The second she stepped inside and closed the door I felt it. I closed my eyes and let my senses take over. Slowly opening them I scanned the backyard until my eyes landed on the source of Pagan’s dreams. I’d seen this spirit before. The mocking cold gleam in his eyes stared back at me, while he pulled out not one but two cigarettes that hung from his mouth.
“What do you want with Pagan?” I demanded, holding it in place with my glare. The spirit lord might be able to manipulate humans and their lives but it had no power over me. I held all the keys. Without me the voodoo spirit lord of the dead would be nothing. His powers came from those who believed in him. It ended at my hands.
“She belongs to me.” The arrogant spirit kept his focus on me. I could see the caution in his black eyes. He knew he was outranked.
“No. She doesn’t.”
The spirit lord moved backward. His movement was more of a slither than a walk as he put distance between us. The growl in my chest met my ears and I understood his sudden need for space.
“De gurl is marked as a restitution. Her mama made de deal. She know de cos.”
What? Unwilling to tear my eyes from the spirit lord and check to see if Pagan was watching us from her window, I negated the attempt at putting distance between us and glowered coldly into the eyes of what could only be considered a demon to humans. The worship and belief of those who practiced Voodoo was the place he drew his only power. Without them, he wouldn’t exist.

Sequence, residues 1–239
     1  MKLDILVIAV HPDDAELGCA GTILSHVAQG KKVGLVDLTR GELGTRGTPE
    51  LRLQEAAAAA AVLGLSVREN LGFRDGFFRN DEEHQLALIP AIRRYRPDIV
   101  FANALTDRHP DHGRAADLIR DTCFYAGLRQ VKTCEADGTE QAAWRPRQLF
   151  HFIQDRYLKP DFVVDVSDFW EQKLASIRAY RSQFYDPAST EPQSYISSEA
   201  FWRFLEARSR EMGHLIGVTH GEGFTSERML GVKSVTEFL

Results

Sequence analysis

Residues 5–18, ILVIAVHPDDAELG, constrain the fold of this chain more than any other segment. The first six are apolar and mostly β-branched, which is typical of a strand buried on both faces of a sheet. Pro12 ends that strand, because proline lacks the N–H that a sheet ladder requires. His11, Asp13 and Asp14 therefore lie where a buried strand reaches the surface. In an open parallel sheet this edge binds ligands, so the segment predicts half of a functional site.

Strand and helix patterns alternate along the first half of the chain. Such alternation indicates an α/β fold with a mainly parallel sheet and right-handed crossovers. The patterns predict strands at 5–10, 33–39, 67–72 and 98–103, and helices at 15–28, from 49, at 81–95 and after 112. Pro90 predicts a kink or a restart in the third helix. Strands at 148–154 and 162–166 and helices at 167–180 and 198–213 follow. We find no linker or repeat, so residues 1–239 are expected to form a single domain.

“Pagan Moore is mine. Leave her alone. You’ve never crossed me before but I can assure you that a voodoo spirit lord is no match for me. You know this.”
The rattle in the voodoo spirit lord’s composure was evident. He backed up. “But de restitution mus be made.”
“NOT with Pagan it doesn’t. Whatever deal you had with her mother is with her mother. Pagan had nothing to do with this.”
“You’d of never known her if I hadn’t healed her. You’d of taken her soul whilt she lay curled up dying as a child. It’s me who don lak to see chilren die. You don care who you take. She’s alive because of me. She’s meant for me purpose. I saved her for me son. He’s watched over her all dese years.”
Shaking with rage, I controlled my need to cause destruction. If I attempted to annihilate a voodoo spirit lord in Pagan’s backyard it would bring all of Hell with it. This was to be a safe place for her. Not a place of nightmares.
“Leave her or deal with me.”
“De gurl wilt have to choose or ahm taking my payment in udder forms. I got de right,” he hissed.
“Fine! Let her choose,” I roared.
Then he was gone and I stood alone.
What in the name of all the deities had Pagan’s mother done?
“So lover boy’s on tour,” Wyatt, Miranda’s boyfriend and my childhood friend, announced as he st his tray down on the table in front of me. I picked up the roll because it was the only thing on the tray I actually recognized and pinched off a piece before peering up at him.
“Yeah,” was my only response before popping the chunk of bread into my mouth.
“Don’t talk about it. She’s all depressed,” Miranda scolded, slapping at his arm.
Wyatt continued to watch me which was slightly unnerving.
“What?” I asked, meeting his stare.